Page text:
Book recommendation: The Sovereign Individual 

I happened to have finished reading this book just before the podcast with Balaji I mentioned above was published. They both cover similar ground, and this book essentially sets the context for Tim and Balaji’s conversation.

Its central argument is that the technology that underpins the modern world (basically the internet) will erode the power of the nation-state and make it irrelevant. The authors liken the coming revolution (of which they argue we are in the early days) to how political power took over from religion as the dominant force 500 years ago.

The book takes a deep dive into the history of how societal power is acquired and lost. It then uses this to highlight what the coming power transfer away from national governments means for us today. They identify four distinct economic phases of human history:

  • The hunter-gatherer era
  • The agricultural age
  • The industrial age
  • The information age (now)

As you can probably guess from the title, the authors recommend using Web 3.0 technology to become a sovereign individual beyond the reach of political power.

Our reliance on information technology increasingly means that people’s identities and most valuable assets exist in the digital space, which keeps them out of the hands of governments or other authorities.

(To give you a crude example of this, companies in the industrial era would require factories, manufacturing equipment, staff, inventory, etc. all of which are expensive and could be seized or controlled by the state. Nowadays, multi-billion dollar tech startups are created by groups of friends on their personal computers, and lone teenagers can make millions creating online content.)

And that’s before we get into cryptocurrencies, NFTs, and other global digital assets that are hard to seize or tax.
This book was originally published in 1997, before Google was a household name or social media or cryptocurrencies were invented. Yet it accurately predicts the formation of digital identities, interest-based communities that transcend national borders, “privately issued digital currencies” (aka cryptocurrencies), and many other things we see playing out today.

Its vision of how the internet will shape society and the implications of this for individuals and state actors is impressively prescient. It is also full of ideas about what you can do to get ahead of the curve (or at least not get buried under the digital wave as it washes over you.)

Though it belabours its points, it’s still a fascinating read that I recommend for anyone wanting to better understand how the world is changing, the implications of digital technology for society, what lies around the corner, and how to best position yourself for the inevitable future.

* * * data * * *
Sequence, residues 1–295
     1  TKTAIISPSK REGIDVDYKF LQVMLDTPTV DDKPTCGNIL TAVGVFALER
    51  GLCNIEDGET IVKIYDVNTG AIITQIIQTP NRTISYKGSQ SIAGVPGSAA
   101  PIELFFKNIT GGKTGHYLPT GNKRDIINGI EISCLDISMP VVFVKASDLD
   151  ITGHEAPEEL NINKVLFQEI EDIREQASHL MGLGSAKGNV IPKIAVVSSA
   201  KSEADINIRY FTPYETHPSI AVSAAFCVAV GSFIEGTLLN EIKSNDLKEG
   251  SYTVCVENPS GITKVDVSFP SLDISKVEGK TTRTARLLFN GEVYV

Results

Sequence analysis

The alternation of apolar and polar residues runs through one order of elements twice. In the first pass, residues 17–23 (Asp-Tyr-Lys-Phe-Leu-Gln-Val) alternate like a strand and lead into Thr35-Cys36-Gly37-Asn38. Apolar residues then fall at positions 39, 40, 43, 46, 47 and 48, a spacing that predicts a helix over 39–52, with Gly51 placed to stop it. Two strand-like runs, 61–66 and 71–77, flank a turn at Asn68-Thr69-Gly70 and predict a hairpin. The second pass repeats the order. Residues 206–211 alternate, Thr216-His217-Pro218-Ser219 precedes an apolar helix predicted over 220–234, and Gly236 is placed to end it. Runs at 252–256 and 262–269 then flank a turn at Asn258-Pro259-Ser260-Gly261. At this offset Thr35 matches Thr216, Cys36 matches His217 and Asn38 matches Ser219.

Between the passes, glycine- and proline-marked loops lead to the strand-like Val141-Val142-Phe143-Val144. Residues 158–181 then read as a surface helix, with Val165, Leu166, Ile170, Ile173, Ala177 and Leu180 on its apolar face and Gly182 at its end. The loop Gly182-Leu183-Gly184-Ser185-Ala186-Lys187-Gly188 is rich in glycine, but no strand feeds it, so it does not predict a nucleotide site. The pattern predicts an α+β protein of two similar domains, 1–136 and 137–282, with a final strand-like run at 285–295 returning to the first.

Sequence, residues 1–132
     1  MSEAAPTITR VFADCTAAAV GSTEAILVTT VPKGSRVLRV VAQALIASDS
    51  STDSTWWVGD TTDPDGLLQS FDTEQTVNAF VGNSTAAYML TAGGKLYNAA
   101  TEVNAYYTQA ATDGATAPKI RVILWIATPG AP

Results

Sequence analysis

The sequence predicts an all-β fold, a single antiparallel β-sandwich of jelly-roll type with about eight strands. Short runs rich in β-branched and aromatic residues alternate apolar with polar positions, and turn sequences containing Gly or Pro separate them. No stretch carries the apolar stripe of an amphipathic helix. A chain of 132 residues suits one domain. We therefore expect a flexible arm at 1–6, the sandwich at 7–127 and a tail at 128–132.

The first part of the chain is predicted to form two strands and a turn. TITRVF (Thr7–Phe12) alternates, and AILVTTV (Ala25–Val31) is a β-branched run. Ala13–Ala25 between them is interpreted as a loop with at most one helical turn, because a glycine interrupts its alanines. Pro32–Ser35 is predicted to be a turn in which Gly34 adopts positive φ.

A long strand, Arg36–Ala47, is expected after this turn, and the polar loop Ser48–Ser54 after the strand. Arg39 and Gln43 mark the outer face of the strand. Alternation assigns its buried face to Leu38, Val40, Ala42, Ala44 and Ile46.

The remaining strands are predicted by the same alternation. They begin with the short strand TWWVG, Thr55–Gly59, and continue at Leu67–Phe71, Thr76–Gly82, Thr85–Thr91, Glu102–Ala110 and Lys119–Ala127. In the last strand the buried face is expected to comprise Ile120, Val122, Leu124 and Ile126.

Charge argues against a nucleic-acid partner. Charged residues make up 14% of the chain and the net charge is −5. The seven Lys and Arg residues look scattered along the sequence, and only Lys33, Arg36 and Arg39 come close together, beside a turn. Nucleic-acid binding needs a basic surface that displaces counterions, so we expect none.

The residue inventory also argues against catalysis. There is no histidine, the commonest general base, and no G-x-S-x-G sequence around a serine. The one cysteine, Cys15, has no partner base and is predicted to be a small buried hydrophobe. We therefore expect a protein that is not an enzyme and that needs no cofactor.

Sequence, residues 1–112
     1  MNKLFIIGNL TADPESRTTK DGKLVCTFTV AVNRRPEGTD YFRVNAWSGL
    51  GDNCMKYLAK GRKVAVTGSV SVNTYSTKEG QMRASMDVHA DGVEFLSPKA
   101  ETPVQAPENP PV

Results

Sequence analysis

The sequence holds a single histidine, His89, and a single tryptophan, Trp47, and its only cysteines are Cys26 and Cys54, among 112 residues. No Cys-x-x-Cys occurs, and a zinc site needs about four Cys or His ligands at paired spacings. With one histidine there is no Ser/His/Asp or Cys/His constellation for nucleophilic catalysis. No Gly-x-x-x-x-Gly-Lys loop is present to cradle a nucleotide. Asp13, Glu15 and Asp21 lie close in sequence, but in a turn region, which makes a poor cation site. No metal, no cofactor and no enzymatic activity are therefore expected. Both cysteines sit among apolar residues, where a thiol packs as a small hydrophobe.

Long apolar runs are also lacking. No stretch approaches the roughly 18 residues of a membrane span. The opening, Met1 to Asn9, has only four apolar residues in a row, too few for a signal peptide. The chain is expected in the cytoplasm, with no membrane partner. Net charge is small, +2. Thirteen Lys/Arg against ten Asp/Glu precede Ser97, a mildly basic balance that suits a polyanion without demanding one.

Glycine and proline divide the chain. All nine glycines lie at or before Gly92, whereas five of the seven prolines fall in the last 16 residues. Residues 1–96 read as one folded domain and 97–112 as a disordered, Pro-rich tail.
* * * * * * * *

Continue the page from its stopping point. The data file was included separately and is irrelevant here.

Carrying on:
As I like to say, get ready for the future, or the future’s going to get you.

Final thought

In case you didn’t know, I’m a huge mixed-martial-arts (MMA) fan. It’s a wild, chaotic, and brutally uncompromising blend of athleticism, aggression, discipline, strategy, technique, and problem-solving. And it’s definitely not an old person’s sport. Which is why it was so surprising to see a 42-year old become a world champion in the sport’s premier promotion, the UFC, a few weeks back. (Not that I’m saying being 42 makes you old, you understand.)

After 19-years in the professional fight game, light-heavyweight journeyman Glover Teixeira hit a streak of form that allowed him to rise to the top of his division and win the gold belt he probably thought he was never going to get at this stage of his career.

But that didn’t stop him from trying.

Which is exactly why I’m telling you this story. The key to success is perseverance. 

The aftermath of the fight was emotional. The guy has been in the sport forever and people have a lot of affection for him. So, when he won, they went crazy. The commentators, other fighters, journalists, spectators—you name it, they were happy for him and they showed it. 

Amidst all this drama, he was the calmest person in the arena when he gave his post-fight interview. He didn’t say much, but he said all that needed to be said. His message to everybody watching:

“Never give up on your dreams.”

It was a beautiful moment. And I wanted to share it with you.

Until next time, enjoy the holidays. Rest, reflect, be grateful, and get ready to crush 2022.


P.S. I am not paid to endorse any of the products I recommend in this newsletter. I just want to share the things I have found to genuinely improve my quality of life so you can make better buying decisions and avoid inferior products.